authorization, the risk of connection hijacking is reduced.

8.5.  Fraudulent accounting and replay attacks

In order to prevent the local ISP from requesting payment for non-
existent sessions, it is desirable for the accounting record to include
proof of authentication. This can be provided by including the
credentials supplied by the client within the accounting record. For
example, in the case of EAP-TLS, the accounting record can include the
Nonce supplied by the server, as well as the signature returned by the
client that proves the client's possession of the private key
corresponding to the client certificate.

Since the Nonce will vary with each authentication, it is not possible
for the local ISP to replay the authentication.  This therefore limits
the local ISP's ability to fraudulently claim payment for non-existent

Through use of a signed Nonce, certificate-based roaming prevents
accounting for non-existent sessions. Note that as with proxy roaming,
no protection is provided against submission of exaggerated session
times for actual sessions.

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9.  References

[1]  Aboba, B., Lu J., Alsop J.,Ding J., and W. Wang, "Review of Roaming
     Implementations", RFC 2194, September 1997.

[2]  Aboba, B., and G. Zorn, "Criteria for Evaluating Roaming
     Protocols", RFC 2477, January 1999.

[3]  Aboba,  B.,  and  M.  Beadles,  "The Network Access Identifier",
     RFC 2486, January 1999.

[4]  Rigney, C., Rubens, A., Simpson, W., Willens, S., "Remote
     Authentication Dial In User Service (RADIUS)", RFC  2138, April,

[5]  Rigney, C., "RADIUS  Accounting", RFC 2139, April 1997.

[6]  Rivest, R., Dusse, S., "The MD5 Message-Digest Algorithm", RFC
     1321, April 1992.

[7]  Bradner, S., "Key words for use in RFCs to Indicate Requirement
     Levels", BCP 14, RFC 2119, March 1997.

[8]  Aboba, B., Vollbrecht, J.R., "Proxy Chaining and Policy
     Implementation in Roaming", Internet draft (work in progress),
     draft-ietf-roamops-auth-10.txt, February 1998.

[9]  Blunk, L., Vollbrecht, J., "PPP Extensible Authentication Protocol
     (EAP)", RFC 2284, March 1998.

[10] Dierks, T., Allen, C., "The TLS Protocol Version 1.0", RFC 2246,
     November 1998.

[11] Aboba, B., Simon, D., "PPP EAP TLS Authentication Protocol", draft-
     ietf-pppext-eaptls-05.txt, Internet Draft (work in progress),
     January 1999.

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[12] Rigney, C., Willens, S., Calhoun, P., "RADIUS Extensions", draft-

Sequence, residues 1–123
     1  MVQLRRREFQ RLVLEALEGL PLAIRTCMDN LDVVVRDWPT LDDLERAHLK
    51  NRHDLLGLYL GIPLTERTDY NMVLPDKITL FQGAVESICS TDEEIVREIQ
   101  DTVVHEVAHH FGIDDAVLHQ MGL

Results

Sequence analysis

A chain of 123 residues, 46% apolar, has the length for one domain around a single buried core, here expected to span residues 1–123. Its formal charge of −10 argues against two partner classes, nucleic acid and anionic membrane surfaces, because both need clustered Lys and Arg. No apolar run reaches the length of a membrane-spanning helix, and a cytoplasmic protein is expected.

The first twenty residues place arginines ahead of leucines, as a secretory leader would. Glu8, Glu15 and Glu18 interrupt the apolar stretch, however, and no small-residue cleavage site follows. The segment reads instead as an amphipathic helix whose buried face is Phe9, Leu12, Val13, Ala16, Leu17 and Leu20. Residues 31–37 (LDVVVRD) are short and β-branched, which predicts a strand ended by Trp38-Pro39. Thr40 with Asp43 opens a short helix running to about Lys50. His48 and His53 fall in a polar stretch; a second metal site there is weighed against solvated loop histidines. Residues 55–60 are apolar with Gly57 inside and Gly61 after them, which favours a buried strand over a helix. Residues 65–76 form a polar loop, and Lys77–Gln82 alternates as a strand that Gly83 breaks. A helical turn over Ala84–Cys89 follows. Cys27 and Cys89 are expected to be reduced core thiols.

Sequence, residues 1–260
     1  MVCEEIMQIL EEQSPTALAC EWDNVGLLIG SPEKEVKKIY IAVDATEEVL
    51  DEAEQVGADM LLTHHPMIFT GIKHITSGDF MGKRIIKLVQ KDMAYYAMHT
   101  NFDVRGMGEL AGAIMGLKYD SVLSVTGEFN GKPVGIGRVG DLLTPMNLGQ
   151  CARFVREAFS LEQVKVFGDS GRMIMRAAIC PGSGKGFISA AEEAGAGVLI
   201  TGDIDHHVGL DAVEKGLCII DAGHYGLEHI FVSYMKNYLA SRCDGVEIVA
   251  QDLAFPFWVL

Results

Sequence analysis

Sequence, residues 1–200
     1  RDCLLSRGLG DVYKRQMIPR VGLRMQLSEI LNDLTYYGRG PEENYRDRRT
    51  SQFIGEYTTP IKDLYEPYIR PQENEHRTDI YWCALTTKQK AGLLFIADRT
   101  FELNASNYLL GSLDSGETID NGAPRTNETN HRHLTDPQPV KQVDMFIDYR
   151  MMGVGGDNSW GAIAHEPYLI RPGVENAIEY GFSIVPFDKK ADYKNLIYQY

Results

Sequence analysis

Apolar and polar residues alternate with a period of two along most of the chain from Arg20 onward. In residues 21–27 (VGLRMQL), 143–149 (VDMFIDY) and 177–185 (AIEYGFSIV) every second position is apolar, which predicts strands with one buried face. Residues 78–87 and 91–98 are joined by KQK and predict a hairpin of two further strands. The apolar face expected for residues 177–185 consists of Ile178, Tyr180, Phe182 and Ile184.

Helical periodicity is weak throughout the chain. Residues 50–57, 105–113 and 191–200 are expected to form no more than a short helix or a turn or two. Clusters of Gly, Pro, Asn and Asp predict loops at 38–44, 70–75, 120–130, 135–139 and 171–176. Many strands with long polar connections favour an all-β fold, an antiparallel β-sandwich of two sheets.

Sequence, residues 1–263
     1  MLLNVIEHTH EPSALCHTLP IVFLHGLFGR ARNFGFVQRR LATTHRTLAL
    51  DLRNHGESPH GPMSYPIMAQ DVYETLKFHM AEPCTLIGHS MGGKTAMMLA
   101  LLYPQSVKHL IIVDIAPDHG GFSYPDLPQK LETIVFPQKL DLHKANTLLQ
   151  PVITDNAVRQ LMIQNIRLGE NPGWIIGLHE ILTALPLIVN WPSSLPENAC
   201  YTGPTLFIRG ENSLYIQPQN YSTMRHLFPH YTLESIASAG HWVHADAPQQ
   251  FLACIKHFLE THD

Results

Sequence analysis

ietf-radius-ext-03.txt, Internet Draft (work in progress), January

10.  Acknowledgments

Thanks to Ashwin Palekar of Microsoft for useful discussions of this
problem space.

11.  Authors' Addresses

Bernard Aboba
Microsoft Corporation
One Microsoft Way
Redmond, WA 98052

Phone: 206-936-6605
EMail: bernarda@microsoft.com

12.  Full Copyright Statement

Copyright (C) The Internet Society (1999).  All Rights Reserved.
This document and translations of it may be copied and furnished to
others, and derivative works that comment on or otherwise explain it or
assist in its implmentation may be prepared, copied, published and
distributed, in whole or in part, without restriction of any kind,
provided that the above copyright notice and this paragraph are included
on all such copies and derivative works.  However, this document itself
may not be modified in any way, such as by removing the copyright notice
or references to the Internet Society or other Internet organizations,
except as needed for the purpose of developing Internet standards in
which case the procedures for copyrights defined in the Internet
Standards process must be followed, or as required to translate it into
languages other than English.  The limited permissions granted above are
perpetual and will not be revoked by the Internet Society or its
successors or assigns.  This document and the information contained
herein is provided on an "AS IS" basis and THE INTERNET SOCIETY AND THE

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13.  Expiration Date

This memo is filed as <draft-ietf-roamops-cert-01.txt>, and  expires
October 1, 1999.